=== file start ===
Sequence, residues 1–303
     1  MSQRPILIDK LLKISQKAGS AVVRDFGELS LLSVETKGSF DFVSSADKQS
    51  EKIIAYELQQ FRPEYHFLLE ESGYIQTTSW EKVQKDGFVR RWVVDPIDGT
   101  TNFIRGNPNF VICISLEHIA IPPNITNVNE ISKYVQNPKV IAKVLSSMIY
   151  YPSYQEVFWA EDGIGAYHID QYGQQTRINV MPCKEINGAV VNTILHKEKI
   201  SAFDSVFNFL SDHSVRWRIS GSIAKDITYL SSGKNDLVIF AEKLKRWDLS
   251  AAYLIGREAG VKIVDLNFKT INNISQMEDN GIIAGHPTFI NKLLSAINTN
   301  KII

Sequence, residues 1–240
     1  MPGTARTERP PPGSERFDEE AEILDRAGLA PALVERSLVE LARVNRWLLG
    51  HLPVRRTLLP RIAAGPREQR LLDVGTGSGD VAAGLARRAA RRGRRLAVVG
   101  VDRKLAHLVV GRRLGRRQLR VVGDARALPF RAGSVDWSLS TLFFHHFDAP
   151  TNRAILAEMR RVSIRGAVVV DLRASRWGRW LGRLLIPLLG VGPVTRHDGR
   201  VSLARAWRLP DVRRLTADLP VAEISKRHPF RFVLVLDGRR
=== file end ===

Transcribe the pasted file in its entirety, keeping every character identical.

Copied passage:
Sequence, residues 1–303
     1  MSQRPILIDK LLKISQKAGS AVVRDFGELS LLSVETKGSF DFVSSADKQS
    51  EKIIAYELQQ FRPEYHFLLE ESGYIQTTSW EKVQKDGFVR RWVVDPIDGT
   101  TNFIRGNPNF VICISLEHIA IPPNITNVNE ISKYVQNPKV IAKVLSSMIY
   151  YPSYQEVFWA EDGIGAYHID QYGQQTRINV MPCKEINGAV VNTILHKEKI
   201  SAFDSVFNFL SDHSVRWRIS GSIAKDITYL SSGKNDLVIF AEKLKRWDLS
   251  AAYLIGREAG VKIVDLNFKT INNISQMEDN GIIAGHPTFI NKLLSAINTN
   301  KII

Sequence, residues 1–240
     1  MPGTARTERP PPGSERFDEE AEILDRAGLA PALVERSLVE LARVNRWLLG
    51  HLPVRRTLLP RIAAGPREQR LLDVGTGSGD VAAGLARRAA RRGRRLAVVG
   101  VDRKLAHLVV GRRLGRRQLR VVGDARALPF RAGSVDWSLS TLFFHHFDAP
   151  TNRAILAEMR RVSIRGAVVV DLRASRWGRW LGRLLIPLLG VGPVTRHDGR
   201  VSLARAWRLP DVRRLTADLP VAEISKRHPF RFVLVLDGRR